A few years ago, there was lots of chatter about the elusive UX unicorn; a mythical person capable of delivering everything from research to design to development. It became an obsession for the industry, sparking debate about whether this was the metaphor for how unreasonable our expectations of designers had become, while some felt it was what all designers should be aspiring to.
The Queensland Building and Construction Commission (QBCC) has partnered with MuleSoft to help facilitate its goal of becoming a customer-first organisation through digital transformation.
The self-funded regulatory body selected MuleSoft’s Anypoint Platform as the foundation for an extensive business transformation, following its decision to adopt Salesforce as its core CRM platform for all internal processes and customer service interactions. The Mulesoft technology enabled the QBCC’s IT team to ensure data could flow more seamlessly between Salesforce, the commission’s existing legacy systems, and its customer engagement channels.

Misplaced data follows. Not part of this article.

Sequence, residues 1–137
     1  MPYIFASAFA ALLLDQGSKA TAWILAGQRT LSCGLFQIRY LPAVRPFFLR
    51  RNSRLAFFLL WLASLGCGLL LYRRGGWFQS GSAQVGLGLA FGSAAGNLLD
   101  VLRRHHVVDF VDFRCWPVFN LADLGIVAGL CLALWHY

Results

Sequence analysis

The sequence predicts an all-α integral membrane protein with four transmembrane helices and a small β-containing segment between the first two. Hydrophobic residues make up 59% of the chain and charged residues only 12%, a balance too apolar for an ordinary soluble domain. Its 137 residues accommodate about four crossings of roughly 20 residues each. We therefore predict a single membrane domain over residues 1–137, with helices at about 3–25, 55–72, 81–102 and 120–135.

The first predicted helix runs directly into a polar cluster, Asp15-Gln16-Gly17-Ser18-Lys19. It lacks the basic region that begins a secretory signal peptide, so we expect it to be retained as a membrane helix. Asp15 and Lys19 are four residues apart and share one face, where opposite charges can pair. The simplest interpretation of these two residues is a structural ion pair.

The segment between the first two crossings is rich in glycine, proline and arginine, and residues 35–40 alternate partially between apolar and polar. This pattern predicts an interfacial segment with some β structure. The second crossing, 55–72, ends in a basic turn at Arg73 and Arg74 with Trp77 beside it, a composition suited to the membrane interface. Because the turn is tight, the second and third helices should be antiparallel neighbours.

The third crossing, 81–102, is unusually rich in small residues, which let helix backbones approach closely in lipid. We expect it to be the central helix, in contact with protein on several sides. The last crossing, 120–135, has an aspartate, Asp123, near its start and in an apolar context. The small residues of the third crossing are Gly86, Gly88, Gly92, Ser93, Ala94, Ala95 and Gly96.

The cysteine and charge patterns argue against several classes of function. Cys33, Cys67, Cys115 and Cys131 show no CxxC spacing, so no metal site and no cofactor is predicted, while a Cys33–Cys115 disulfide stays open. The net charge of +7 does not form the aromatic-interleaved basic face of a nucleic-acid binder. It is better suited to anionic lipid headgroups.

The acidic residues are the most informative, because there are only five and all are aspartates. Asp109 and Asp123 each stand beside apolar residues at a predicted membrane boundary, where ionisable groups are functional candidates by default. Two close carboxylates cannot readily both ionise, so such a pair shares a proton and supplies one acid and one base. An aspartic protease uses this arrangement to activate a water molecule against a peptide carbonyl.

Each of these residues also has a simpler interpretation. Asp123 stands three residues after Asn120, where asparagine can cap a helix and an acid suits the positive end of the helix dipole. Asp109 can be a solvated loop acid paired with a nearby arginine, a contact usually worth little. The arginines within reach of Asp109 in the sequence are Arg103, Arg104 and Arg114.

“It allows all the data captured in the forms to be passed directly to Salesforce,” QBCC’s executive director of customer service, Bruce McGregor, said. “This was a key capability that reduced processing overheads and assisted to streamline the entire workflow involved.
“From an architectural perspective, Mulesoft allows what I think can be best described as connecting the spaghetti. What that means is I can get to market quicker, because it enables us to get to data from all our disparate systems, so I can offer our services better to meet internal and external customer expectations.”
McGregor said MuleSoft’s Anypoint Platform also decreased the complexity of connecting to disparate systems and applications, on-premises and in the cloud for QBCC.
“This was a critical component for enabling us to fully take advantage of new technologies, such as Salesforce, and shift to digital channels to service our customers in new ways, without having our IT team start over each time,” he added.
Leveraging digital to empower a customer-centric culture